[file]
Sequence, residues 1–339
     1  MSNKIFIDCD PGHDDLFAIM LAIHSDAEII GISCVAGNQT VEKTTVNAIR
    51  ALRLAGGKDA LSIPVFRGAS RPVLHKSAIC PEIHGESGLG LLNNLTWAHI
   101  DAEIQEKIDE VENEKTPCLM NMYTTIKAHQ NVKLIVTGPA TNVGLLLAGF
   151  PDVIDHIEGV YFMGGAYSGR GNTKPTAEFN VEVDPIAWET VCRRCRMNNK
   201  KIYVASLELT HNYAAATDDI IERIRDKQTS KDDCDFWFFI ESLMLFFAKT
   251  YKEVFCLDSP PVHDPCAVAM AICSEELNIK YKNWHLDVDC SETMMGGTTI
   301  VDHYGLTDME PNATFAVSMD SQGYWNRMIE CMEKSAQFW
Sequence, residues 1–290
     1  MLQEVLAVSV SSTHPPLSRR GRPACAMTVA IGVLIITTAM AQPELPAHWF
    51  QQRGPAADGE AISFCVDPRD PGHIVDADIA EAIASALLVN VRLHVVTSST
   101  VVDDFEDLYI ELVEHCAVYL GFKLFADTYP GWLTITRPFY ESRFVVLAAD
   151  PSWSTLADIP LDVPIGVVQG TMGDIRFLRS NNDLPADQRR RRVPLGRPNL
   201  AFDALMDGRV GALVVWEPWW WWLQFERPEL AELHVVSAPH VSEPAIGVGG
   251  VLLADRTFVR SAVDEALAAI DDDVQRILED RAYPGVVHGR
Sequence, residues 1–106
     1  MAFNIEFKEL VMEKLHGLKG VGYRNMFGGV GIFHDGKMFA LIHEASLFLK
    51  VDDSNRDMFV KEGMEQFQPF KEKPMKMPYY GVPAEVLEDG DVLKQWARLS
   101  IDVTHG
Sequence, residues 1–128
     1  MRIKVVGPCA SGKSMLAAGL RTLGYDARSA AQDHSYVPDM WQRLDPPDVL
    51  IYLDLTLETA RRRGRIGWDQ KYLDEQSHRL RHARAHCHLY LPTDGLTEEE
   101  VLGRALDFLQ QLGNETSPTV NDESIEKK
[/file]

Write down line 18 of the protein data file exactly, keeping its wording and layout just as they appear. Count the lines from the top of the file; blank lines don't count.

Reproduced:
    51  VDDSNRDMFV KEGMEQFQPF KEKPMKMPYY GVPAEVLEDG DVLKQWARLS